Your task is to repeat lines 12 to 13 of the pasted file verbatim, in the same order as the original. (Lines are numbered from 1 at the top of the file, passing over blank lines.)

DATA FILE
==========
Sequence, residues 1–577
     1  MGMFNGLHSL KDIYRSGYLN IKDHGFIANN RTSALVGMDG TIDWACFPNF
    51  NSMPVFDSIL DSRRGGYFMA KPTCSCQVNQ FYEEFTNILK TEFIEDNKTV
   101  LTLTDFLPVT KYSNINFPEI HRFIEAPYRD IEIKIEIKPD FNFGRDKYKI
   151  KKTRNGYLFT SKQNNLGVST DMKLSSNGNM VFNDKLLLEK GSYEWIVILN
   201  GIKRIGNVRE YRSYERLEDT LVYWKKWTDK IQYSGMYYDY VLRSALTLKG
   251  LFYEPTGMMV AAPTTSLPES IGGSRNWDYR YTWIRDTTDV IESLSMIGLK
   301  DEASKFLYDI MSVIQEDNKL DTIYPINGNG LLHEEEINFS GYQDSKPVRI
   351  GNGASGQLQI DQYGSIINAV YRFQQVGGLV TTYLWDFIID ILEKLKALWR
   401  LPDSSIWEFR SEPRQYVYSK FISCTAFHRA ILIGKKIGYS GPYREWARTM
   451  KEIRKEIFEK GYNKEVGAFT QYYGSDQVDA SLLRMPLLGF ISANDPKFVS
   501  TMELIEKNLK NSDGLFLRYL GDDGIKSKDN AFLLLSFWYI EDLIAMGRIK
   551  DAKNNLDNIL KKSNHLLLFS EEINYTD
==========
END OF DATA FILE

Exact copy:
   501  TMELIEKNLK NSDGLFLRYL GDDGIKSKDN AFLLLSFWYI EDLIAMGRIK
   551  DAKNNLDNIL KKSNHLLLFS EEINYTD